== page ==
Right??? His entire business philosophy has been about marketing himself. From Trump Airlines, Trump Steaks and Trump University to Trump Magazine, Trump Radio, Trump Mortgage and the Apprentice (all spectacular failures, btw) the entire selling point was that Donald is stinking rich and if you buy this crap, you'll be more like him!

I realized as he was "debating" with Hillary last week that this was what his entire presidential campaign has been about too. It's not about Mexicans, Muslims, the economy, foreign policy, or making "America great again". It's about Trump thinking he can sell the American people on giving him the keys to the kuingdom because of how much money he says he makes. As always, beneath that bluster is an insecure, petty failure who knows he was handed everything in life and deserves nothing.


message 20: by Matthew (new)

Matthew Williams (houseofwilliams) Also, since people are asking about the source, I just learned a few details. Apparently, the pages were sent in a sealed envelop to the NY Times, and the return address was Trump Tower. This could indicate that the source wasn't hackers at all, but someone close to Trump, or just someone who wanted to APPEAR as if they were close to Trump.


message 21: by Nik (new)

Nik Krasno | 13758 comments Accountants would know better, but I'm not sure tax return or paper profits and losses is a good indicator to evaluate someone's business success or failure. For all I know, sometimes it is required to reflect the current value of your real estate in the returns, while it has no practical meaning unless you sell it.
I've no idea whether Trump is a brilliant businessman. May well be that he isn't.

I am afraid though that he's hardly outstanding from many other Bills and it's about time to use the public spotlight on the avoidance phenomenon in general -:)


message 22: by J.J. (new)

J.J. Mainor | 2151 comments Truant wrote: "Warren Buffet would be a good example of an extremely wealthy person that at least comes closer to paying a fair share than someone like Trump..."

Buffet admitted recently that he pays less than his secretary when he argued that the rich should be paying more.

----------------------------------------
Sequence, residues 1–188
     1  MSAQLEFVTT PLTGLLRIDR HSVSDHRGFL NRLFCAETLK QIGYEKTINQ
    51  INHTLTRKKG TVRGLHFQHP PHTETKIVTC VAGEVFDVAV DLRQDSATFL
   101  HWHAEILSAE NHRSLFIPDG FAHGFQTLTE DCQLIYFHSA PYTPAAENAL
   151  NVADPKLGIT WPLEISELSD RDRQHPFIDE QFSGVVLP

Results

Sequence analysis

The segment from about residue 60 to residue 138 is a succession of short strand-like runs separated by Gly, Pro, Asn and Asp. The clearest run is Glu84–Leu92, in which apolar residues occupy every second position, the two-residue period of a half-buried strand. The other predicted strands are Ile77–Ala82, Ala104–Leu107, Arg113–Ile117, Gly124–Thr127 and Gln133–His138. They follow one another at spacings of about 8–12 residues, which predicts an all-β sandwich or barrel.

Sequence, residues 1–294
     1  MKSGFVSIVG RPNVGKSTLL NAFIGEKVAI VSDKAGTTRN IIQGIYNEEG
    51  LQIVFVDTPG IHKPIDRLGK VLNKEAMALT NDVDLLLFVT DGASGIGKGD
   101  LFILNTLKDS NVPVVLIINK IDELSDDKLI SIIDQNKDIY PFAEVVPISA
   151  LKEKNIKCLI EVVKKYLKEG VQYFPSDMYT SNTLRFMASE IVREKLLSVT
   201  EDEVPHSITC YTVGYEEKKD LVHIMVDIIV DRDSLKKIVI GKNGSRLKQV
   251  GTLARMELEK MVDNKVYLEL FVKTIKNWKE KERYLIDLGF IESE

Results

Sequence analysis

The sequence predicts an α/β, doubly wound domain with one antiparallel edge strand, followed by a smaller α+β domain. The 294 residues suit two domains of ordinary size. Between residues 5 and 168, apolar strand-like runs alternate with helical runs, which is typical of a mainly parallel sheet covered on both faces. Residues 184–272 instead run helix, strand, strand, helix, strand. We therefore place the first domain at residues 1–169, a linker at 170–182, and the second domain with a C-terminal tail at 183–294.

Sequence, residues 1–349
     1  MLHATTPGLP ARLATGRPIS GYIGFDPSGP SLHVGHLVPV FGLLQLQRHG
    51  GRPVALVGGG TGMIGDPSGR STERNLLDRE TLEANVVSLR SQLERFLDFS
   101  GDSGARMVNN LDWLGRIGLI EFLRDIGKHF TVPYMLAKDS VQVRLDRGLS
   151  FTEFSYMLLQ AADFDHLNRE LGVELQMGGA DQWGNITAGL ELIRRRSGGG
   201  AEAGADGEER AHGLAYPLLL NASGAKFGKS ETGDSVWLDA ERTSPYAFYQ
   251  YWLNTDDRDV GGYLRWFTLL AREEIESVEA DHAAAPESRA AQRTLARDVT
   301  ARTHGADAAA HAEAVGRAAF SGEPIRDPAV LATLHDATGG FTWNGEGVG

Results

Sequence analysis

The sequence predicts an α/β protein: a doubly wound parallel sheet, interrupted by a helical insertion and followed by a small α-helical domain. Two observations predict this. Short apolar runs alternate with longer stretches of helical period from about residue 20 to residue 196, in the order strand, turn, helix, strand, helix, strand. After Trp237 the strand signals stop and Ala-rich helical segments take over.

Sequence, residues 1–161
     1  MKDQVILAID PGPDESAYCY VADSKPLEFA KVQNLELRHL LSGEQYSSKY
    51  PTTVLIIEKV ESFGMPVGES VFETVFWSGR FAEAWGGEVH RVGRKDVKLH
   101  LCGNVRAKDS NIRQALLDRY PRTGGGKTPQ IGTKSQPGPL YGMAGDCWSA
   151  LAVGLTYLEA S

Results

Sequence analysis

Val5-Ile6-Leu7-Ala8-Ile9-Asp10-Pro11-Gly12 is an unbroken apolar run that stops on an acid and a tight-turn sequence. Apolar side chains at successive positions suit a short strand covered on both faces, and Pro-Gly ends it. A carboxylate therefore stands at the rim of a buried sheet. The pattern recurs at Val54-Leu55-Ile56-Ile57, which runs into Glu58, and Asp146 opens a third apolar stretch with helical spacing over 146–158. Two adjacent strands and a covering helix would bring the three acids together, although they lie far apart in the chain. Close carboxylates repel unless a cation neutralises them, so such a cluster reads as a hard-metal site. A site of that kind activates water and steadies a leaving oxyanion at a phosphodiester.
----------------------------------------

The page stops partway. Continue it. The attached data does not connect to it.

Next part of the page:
But the tax argument is almost a paper tiger meant to distract from out of control spending. End of the day, we don't need to be collecting more taxes, we need to cut the spending. Every corner of the government spends whatever they get not because they need it, but because they want it. When Congress and the President couldn't agree on a budget a few years ago, the forced the Sequestration on themselves, cutting budgets across all departments of the government. Ever since the first cuts went into effect, everyone in government, including Congress and the President, complained about the cuts and how they're hurting the government. But in reality, all these departments are adapting, even the Military, and the government is not shutting down because they're not spending enough money.

We don't need to raise anyone's taxes, what we need to do is reign in the government even more and force them to do their jobs with an even more reasonable budget.


message 23: by Matthew (last edited Oct 05, 2016 07:56PM) (new)

Matthew Williams (houseofwilliams) Nik wrote: "Accountants would know better, but I'm not sure tax return or paper profits and losses is a good indicator to evaluate someone's business success or failure. For all I know, sometimes it is require..."

I think in this case it totally is. He reported losses totaling 1 billion in one year. He's made 45 million between 1995 and 2009, and between that and his earnings since then, he's not even close to making those losses back. The man claims he's a business genius. But this shows otherwise, which is why he kept it private. As always, he's not nearly as rich as he claims to be.


message 24: by Nik (last edited Oct 06, 2016 02:58AM) (new)

Nik Krasno | 13758 comments Matthew wrote: "As always, he's not nearly as rich as he claims to be...."

Can be
Forbes stubbornly estimates his wealth at 3.7 bil..
http://www.forbes.com/profile/donald-...


message 25: by Matthew (new)

Matthew Williams (houseofwilliams) Nik wrote: "Matthew wrote: "As always, he's not nearly as rich as he claims to be...."

Can be
Forbes stubbornly estimates his wealth at 3.7 bil..
http://www.forbes.com/profile/donald-..."


True, and that's down considerably from the 1990s. He's no longer in the top 25 or the top 100, which is a significant drop for him. And it's also far less than he's claimed he's worth, which he has said fluctuates based on his mood.


message 26: by Nik (new)

Nik Krasno | 13758 comments Matthew wrote: "he's worth, which he has said fluctuates based on his mood. ..."

If I could fluctuate my wealth this way, I'd try to be in a good mood, always -:)


message 27: by Matthew (new)

Matthew Williams (houseofwilliams) Nik wrote: "Matthew wrote: "he's worth, which he has said fluctuates based on his mood. ..."

If I could fluctuate my wealth this way, I'd try to be in a good mood, always -:)"


Oh, me too! What would you do if you were valued at several billion dollars? I can think of a few things, but the first thing I would do is write some fat-ass checks for charitable causes, invest in green technology, and then buy all my friends some expensive toys! :)


message 28: by Truant (new)

Truant Memphis (truant_memphis) | 3 comments J.J. wrote: "Truant wrote: "Warren Buffet would be a good example of an extremely wealthy person that at least comes closer to paying a fair share than someone like Trump..."